Although many advertisers, and by extension programmers, may find time-shifted viewing nettlesome, growth in DVR usage for cable shows has been so brisk that the trend warrants a closer look—particularly considering that such viewing greatly coalesces with popular original series, cable’s ace in the summer hole. Last summer, the greatest percent increase in TV show viewership (18-49s) culled from time-shifted viewing was the 48% achieved by Sci Fi‘s "Eureka," according to Turner research based on Nielsen data; so far this season the same series counts a 60% boost as 1 of 8 cable shows that have achieved increases greater than 48%, led by Sci Fi’s "Stargate Atlantis" with 100%. "These are big, big numbers," said Turner research chief Jack Wakshlag, proof that an increasing number of cable shows "have passionate audiences." Also notable is the diminishing number of broadcast series that made the DVR lift list this year versus last year. Based on time-shifted viewing during May sweeps—a reasonable comparison to cable’s summer—half of the top 20 shows making last year’s list were on NBC, ABC, CBS or The CW. This year, only 6 made the list. Additional data bear out sharp growth in DVR usage. DVR penetration now sits at one-quarter of US homes, according to Nielsen, a healthy increase from the 5% reported just 10 months ago. That’s approx 28mln HHs—53% cable subs, 40% satellite—of which approx one-third have a DVR connected to multiple TVs. Puts the disagreement between Cablevision and several programmers/studios over the MSO’s remote storage DVR in perspective, doesn’t it? Even so, griping from CNN over the device may be a tad overzealous, as various research shows that news is 1 of the least popular genres for DVR use. "We know that [time-shifted viewing] is not just a function of how old a viewer is," said Hallmark svp, research Jess Aguirre, noting that movies aren’t a popular genre for DVR use either. "It’s about genre, [ad] matchflow and environment." Even as Nielsen data shows that DVRs comprise 5% of all total day viewing and 14% in prime, more than 98% of movies are watched live, said Aguirre. That may make DVR use less meddlesome to Hallmark and its advertisers than it does to many others, but growth in time-shifted viewing across cable should not be overlooked.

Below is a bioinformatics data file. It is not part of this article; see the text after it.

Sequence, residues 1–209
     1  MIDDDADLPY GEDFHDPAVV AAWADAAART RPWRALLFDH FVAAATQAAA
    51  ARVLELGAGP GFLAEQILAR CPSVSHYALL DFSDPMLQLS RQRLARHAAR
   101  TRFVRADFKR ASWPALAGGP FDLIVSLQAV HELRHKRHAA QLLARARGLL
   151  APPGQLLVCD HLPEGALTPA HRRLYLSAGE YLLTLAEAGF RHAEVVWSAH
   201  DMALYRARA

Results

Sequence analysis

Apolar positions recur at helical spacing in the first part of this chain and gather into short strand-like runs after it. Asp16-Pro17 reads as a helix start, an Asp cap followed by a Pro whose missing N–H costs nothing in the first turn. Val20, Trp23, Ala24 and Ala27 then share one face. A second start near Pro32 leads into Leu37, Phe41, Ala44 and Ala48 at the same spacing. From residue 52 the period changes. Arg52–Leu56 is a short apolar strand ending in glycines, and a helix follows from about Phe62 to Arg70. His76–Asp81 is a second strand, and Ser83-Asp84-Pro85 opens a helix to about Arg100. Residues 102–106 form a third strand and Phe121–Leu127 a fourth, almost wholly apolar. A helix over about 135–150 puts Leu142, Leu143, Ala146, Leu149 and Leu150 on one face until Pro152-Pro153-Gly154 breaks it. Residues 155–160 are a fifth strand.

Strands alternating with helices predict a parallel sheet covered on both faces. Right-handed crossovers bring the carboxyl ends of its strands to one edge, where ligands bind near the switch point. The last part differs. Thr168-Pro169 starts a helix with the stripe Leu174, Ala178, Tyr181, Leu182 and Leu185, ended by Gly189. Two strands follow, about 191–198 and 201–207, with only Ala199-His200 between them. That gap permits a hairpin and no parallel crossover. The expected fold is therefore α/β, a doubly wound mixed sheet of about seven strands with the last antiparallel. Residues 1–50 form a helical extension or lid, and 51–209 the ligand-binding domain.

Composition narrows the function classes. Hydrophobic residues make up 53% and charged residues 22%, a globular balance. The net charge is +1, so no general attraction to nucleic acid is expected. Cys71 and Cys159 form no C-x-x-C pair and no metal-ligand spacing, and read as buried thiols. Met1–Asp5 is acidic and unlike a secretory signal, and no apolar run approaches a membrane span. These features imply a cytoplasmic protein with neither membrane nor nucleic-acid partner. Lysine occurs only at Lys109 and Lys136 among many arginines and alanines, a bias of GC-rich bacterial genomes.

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The FCC adopted a NPRM seeking comment on how to maximize efficient use of the 500MHz of mid-band spectrum available in the 12.2-12.7GHz band. The hope of the proceeding is to further a conversation as to

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